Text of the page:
In this work, we found that bone mineral formation proceeded very rapidly in mice by 1 day of age, where the degree of mineralization, the tissue mineral density, and the mineral crystallinity reached 36%, 51%, and 87% of the adult values, respectively. However, even though significant mineralization had occurred, the elastic modulus of 1‐day‐old bone was only 14% of its adult value, indicating that the intrinsic stiffening of the bone lags considerably behind the initial mineral formation.
Introduction: To meet the mechanical challenges during early development, the skeleton requires the rapid accretion of bone quality and bone quantity. Here, we describe early bone development in the mouse skeleton and test the hypothesis that specific compositional properties determine the stiffness of the tissue.
Materials and Methods: Tibias of female BALB mice were harvested at eight time‐points (n = 4 each) distributed between 1 and 40 days of age and subjected to morphometric (μCT), chemical (Fourier transform infrared microspectroscopy), and mechanical (nanoindentation) analyses. Tibias of 450‐day‐old mice served as fully mineralized control specimens.
Results: Bone growth proceeded very rapidly; at 1 day of age, the degree of mineralization (phosphate/protein ratio), the density of mineralized bone (TMD), and mineral crystallinity had reached 36%, 51%, and 87% of the adult (450 days) values, respectively. Spatially, the variability in mineralization across the mid‐diaphysis was very high for the early time‐points and declined over time. In contrast to the notable changes in mineralization, carbonate substitution into the mineral lattice (carbonate/phosphate ratio) and collagen cross‐linking did not show any significant changes over this time period. Even though significant mineralization had occurred, the elastic modulus of 1‐day‐old bone was only 14% of the adult value and increased to 89% (of its adult value) after 40 days. Between samples of different time‐points, significant positive correlations were observed between the elastic modulus and TMD (r² = 0.84), phosphate/protein ratio (r² = 0.59), and crystallinity (r² = 0.23), whereas collagen cross‐linking showed a small but significant negative correlation (r² = 0.15).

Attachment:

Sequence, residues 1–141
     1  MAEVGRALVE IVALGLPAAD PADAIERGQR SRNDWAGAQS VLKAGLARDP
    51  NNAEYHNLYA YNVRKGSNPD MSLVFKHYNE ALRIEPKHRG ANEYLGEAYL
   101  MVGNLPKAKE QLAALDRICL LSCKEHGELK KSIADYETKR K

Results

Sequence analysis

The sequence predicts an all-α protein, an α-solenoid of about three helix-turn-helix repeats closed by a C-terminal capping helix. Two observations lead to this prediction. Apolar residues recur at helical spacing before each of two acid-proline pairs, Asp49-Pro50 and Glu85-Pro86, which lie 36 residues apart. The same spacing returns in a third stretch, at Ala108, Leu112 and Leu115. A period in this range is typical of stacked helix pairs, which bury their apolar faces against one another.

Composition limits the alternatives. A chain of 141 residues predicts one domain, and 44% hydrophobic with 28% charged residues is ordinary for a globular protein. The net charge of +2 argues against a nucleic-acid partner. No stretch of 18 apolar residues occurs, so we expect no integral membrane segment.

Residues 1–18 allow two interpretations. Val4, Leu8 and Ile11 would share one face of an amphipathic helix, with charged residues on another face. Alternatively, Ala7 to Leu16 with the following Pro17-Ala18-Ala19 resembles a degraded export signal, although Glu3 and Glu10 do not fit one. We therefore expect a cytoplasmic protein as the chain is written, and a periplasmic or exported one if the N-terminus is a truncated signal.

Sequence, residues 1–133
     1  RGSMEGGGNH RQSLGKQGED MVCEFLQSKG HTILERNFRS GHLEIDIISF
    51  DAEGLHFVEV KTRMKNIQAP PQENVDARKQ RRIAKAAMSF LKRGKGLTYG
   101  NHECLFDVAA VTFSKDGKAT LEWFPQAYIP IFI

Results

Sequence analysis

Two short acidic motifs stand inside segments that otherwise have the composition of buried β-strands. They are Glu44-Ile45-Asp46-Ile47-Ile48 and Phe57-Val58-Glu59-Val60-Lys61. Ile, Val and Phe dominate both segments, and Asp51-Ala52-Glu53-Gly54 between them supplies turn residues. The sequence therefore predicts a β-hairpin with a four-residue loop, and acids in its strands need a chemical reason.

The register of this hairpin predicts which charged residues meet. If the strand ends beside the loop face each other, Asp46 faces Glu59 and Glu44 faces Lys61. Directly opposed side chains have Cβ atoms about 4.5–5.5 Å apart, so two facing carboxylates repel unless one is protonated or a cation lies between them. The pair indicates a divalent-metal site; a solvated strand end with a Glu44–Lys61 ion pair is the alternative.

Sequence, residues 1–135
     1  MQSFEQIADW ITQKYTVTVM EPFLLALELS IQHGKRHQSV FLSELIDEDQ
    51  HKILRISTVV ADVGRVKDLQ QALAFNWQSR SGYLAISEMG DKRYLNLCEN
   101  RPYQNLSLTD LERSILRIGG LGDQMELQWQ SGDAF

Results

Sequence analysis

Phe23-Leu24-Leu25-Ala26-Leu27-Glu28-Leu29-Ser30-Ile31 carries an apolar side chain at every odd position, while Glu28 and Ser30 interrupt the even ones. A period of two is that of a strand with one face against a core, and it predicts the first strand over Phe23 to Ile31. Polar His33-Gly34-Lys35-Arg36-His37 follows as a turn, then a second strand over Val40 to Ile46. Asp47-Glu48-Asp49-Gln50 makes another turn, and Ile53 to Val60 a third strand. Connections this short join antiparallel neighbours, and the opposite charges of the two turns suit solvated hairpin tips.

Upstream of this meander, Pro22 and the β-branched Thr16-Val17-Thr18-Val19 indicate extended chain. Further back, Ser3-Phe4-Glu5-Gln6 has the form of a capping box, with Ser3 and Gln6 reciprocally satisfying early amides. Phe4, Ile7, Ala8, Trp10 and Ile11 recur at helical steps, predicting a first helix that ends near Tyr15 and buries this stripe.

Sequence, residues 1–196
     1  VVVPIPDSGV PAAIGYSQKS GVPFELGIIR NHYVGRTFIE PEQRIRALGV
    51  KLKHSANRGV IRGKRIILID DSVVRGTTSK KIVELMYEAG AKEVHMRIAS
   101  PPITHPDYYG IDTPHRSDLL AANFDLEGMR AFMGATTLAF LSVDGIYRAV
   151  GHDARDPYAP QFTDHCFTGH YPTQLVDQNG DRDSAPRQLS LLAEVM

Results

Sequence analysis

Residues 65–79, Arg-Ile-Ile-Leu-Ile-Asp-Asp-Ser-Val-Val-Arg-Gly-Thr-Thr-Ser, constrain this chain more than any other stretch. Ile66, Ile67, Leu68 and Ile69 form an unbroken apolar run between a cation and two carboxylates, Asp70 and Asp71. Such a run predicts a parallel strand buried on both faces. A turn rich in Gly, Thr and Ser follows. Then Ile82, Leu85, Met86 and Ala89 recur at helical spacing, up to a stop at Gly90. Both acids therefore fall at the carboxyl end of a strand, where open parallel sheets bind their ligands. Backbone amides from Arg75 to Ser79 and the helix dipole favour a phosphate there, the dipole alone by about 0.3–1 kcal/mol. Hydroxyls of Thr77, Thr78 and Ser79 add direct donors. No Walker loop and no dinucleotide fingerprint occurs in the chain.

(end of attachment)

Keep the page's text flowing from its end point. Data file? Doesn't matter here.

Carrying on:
Conclusions: These data indicate that specific chemical and morphometric properties modulate bone's stiffness during early growth. The intrinsic stiffening of the bone, however, lags considerably behind the initial mineral formation, emphasizing the importance of bone mineral quality for optimizing matrix integrity.